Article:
A Trump presidency will be good for U.S. upstream activity

By KURT ABRAHAM, Editor on 11/14/2016

HOUSTON -- Now that the dust has settled after Donald Trump’s unexpected, earth-shattering win on Nov. 8 and 9 in the U.S. presidential election, we’re beginning to see more clearly the shape that his administration’s oil and gas policy may take.

Soon to be gone are the anti-industry stands and actions of Barack Obama, which the defeated Democratic nominee, Hillary Clinton, had clung to during the campaign. This has been a collection of policies that includes aggressive global warming regulations, support of the Paris climate agreement, opposition to offshore and Arctic drilling, opposition to fracing, precluding the building of the Keystone XL pipeline, rapid phase-out of fossil fuels in favor of much-more-expensive renewables, and a host of other industry-stifling proposals.

In its place, we will see a much more oil-and-gas-friendly set of policies from Mr. Trump. As our Contributing Editor for Washington, Roger Bezdek, stated so succinctly in his pre-election article in World Oil’s October 2016 issue (p. 57), President-elect “Trump’s energy platform is almost a mirror image of Clinton’s.” And as Roger reminded us, Trump first released his “An America First Energy Plan,” in a May 2016 speech in North Dakota. In that speech, he stated, “America’s incredible energy potential remains untapped. It is a totally self-inflicted wound. Under my presidency, we will accomplish complete American energy independence.”

Out on the campaign trail, Trump had said numerous times that as President, he would approve the Keystone XL pipeline, noting that it would create and support more than 42,000 jobs, and not impact the environment significantly. He also enjoyed pointing out that Obama’s own State Department had concluded that Keystone XL would be the safest pipeline ever built in the U.S.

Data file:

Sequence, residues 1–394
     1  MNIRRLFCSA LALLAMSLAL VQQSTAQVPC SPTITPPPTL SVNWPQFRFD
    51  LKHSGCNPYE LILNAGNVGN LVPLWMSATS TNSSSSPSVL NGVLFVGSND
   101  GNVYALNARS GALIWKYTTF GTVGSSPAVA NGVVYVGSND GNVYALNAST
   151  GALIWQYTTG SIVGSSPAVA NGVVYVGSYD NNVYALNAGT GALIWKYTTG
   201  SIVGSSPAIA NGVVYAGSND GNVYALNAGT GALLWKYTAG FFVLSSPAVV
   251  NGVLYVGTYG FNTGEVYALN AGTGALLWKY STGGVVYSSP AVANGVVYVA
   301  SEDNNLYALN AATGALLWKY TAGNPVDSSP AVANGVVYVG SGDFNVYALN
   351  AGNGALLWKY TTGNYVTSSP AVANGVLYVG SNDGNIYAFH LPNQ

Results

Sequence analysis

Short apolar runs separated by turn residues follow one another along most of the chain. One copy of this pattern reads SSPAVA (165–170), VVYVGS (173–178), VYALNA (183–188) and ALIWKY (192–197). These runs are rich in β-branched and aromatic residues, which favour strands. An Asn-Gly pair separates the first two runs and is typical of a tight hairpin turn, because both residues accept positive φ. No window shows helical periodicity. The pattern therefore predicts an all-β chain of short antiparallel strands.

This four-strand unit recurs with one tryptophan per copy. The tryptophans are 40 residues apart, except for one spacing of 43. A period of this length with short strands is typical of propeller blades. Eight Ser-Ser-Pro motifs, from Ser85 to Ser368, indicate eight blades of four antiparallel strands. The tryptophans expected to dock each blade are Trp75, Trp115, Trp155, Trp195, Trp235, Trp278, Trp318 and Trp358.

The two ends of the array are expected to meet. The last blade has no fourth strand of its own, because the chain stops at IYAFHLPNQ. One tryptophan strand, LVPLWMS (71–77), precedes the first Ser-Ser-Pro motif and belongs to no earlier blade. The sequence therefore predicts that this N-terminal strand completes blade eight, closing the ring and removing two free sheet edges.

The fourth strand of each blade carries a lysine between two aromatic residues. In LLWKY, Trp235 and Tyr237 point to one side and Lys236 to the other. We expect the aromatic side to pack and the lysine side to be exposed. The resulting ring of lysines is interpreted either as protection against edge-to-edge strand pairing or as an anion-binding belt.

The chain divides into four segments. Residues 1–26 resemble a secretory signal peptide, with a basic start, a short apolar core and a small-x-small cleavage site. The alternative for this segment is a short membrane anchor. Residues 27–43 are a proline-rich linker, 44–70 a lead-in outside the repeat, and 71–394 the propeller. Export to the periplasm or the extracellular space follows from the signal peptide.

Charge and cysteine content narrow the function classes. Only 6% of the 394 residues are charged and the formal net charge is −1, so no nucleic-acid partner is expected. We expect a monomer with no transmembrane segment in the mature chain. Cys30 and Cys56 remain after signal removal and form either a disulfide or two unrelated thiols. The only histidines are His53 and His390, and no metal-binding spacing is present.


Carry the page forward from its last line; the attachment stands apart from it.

Outlining his vision on the campaign stump, Trump said this his energy plan will “make America wealthy again, and American energy dominance will be declared a strategic economic and foreign policy goal of the United States.” Trump stated, “We will become, and stay, totally independent of any need to import energy from the OPEC cartel or any nations hostile to our interests. At the same time, we will work with our Gulf allies to develop a positive energy relationship as part of our anti-terrorism strategy. We will use the revenues from energy production to rebuild our roads, schools, bridges and public infrastructure.”

Trump noted further, that “cheaper energy will also boost American agriculture. We will get the bureaucracy out of the way of innovation, so we can pursue all forms of energy…The government should not pick winners and losers. Instead, it should remove obstacles to exploration.” Using his own words, we expect that a Trump administration “will focus on real environmental challenges, not phony ones,” which he said were a cornerstone of Clinton’s poverty-expansion agenda.”